Some Muslim Leaders Seen With Bush Expressed Support for Terrorist Groups

Monday , October 01, 2001



Since the terror attacks against the United States, President Bush has been flanked by Muslim leaders in an attempt to reach out to what many have perceived as moderate members of the Muslim community.

According to a videotape obtained by Fox News' Rita Cosby, however, some of the Muslim leaders involved attended a Washington, D.C. rally last year where known terrorist organizations were given support.

One of the leaders invited to appear with Bush was Abdurahaman Alamoudi, the president of the American Muslim Council. Three days after the hijackings, Alamoudi joined Bush at a prayer service dedicated to the victims of the attack.

On the videotape of last year's rally, Alamoudi says, "We are all supporters of HAMAS," the group that supports installing an Islamic Palestinian state in place of Israel and that has taken credit for numerous suicide bombings in Israel. 

Alamoudi also adds on the video that he supports Hezbollah, the group the U.S. Navy credits with several anti-U.S. attacks, beginning with a 1983 suicide truck bombing of the U.S. Embassy in Beirut.

In fall 2000, Hillary Clinton's campaign for Senate returned a financial contribution from Alamoudi because of his ties to HAMAS.

Also invited to the prayer service attended by Alamoudi after the attacks was Muzzammil Siddiqi, the spiritual leader of the Islamic Society of Orange County. At that service, Siddiqi prayed: "keep our country strong for the sake of the good."

Only a year earlier, Siddiqi was an organizer of the rally where Alamoudi expressed support for HAMAS and Hezbollah. Then, Siddiqi said, "The United States of America is directly and indirectly responsible for the plight of the Palestinian people. If you remain on the side of injustice the wrath of God will come."

In a phone conversation with Fox News, however, Siddiqi says he was not aware of all the speakers at the rally and doesn't support the extremist viewpoints some expressed.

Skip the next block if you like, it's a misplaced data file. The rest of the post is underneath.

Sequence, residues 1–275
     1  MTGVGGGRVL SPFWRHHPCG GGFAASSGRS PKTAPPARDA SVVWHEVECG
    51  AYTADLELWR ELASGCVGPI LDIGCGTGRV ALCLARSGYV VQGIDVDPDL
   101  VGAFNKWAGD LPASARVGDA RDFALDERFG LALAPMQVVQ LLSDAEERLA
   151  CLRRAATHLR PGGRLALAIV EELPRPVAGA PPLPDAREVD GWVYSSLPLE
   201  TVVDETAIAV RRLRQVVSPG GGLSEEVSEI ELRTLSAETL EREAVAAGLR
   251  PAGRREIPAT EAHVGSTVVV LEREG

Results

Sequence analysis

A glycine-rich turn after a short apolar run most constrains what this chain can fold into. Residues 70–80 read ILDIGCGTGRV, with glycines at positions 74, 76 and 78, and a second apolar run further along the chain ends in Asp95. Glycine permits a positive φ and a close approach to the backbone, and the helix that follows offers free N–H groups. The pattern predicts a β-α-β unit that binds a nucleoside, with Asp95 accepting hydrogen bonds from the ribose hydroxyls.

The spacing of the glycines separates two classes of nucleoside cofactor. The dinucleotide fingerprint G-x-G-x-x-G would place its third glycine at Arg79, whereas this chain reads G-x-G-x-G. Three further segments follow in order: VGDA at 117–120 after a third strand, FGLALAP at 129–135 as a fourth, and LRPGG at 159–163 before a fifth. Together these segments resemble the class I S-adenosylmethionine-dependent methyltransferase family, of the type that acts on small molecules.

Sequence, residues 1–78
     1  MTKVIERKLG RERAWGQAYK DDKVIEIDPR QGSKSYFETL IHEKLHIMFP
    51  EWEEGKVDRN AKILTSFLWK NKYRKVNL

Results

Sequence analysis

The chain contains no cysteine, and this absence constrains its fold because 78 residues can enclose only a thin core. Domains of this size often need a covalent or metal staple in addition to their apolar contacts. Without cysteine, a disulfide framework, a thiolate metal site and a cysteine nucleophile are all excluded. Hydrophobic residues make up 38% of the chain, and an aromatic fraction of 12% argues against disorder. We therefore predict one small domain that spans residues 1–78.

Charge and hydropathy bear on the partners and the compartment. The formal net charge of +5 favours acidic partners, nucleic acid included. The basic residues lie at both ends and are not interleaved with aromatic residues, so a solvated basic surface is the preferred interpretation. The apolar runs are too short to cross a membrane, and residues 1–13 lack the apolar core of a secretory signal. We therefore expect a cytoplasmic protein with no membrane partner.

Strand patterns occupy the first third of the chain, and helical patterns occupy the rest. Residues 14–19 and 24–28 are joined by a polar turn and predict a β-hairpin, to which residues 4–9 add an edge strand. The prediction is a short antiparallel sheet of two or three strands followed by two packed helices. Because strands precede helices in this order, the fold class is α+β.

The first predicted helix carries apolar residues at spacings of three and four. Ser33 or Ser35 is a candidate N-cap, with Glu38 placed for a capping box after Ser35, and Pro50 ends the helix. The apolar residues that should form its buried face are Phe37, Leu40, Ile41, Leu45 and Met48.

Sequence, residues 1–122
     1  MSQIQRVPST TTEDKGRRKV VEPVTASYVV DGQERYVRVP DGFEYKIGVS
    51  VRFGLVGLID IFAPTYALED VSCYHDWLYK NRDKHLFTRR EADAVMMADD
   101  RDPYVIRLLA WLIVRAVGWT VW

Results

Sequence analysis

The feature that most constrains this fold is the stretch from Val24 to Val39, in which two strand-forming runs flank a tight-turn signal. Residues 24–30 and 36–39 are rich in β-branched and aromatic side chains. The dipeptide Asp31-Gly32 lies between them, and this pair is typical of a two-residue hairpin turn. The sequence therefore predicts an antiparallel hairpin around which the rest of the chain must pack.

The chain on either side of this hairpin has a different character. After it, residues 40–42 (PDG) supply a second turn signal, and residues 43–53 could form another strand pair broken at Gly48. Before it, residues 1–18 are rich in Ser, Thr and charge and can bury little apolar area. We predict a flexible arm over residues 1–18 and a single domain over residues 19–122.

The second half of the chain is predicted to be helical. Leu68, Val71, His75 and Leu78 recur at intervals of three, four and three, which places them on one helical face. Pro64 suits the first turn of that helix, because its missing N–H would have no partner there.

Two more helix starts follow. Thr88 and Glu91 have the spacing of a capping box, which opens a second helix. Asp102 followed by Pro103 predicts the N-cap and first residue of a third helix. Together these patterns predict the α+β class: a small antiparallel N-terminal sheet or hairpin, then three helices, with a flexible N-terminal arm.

"I don't support Hezbollah and HAMAS. I don't support any terrorist groups. Terrorism is not what Islam teaches," Siddiqi said.

It seems likely that the White House knew of the viewpoints expressed by Alamoudi and Siddiqi before the clerics were included.

"The intelligence Community has known for sometime the association of Dr. Muzammil Siddiqi, and Mr. Alamoudi and their association with terrorist organizations," former Secret Service officer Ron Williams said.

White House Spokesman Ari Fleischer emphasized that inviting the clerics did not mean the president saw eye-to-eye with them.

"I don't think it would surprise anybody that the President often has meetings to discuss a whole host of issues with people that he may not agree with everything they may have said in the course of their lives or careers," Fleischer said.

Reaction is coming quickly from Capitol Hill. Rep. Jerrold Nadler, D-N.Y., released a statement to Fox News saying, "The words spoken by these clerics are very disturbing and certainly give the appearance that they back violence and terrorism.  If they have had a change of heart, I would demand that they denounce all terrorists including HAMAS.  And, if not, they should be treated like the terrorists they are."

Alamoudi and Siddiqi are not the only questionable guests to the White House, intelligence sources tell Fox News.

Sources say that a man based in the White House and working as the White House's liaison to the Muslim community is the son of a man who helped raise money for a Muslim leader connected to Usama bin Laden.

Fox News' Rita Cosby contributed to this report.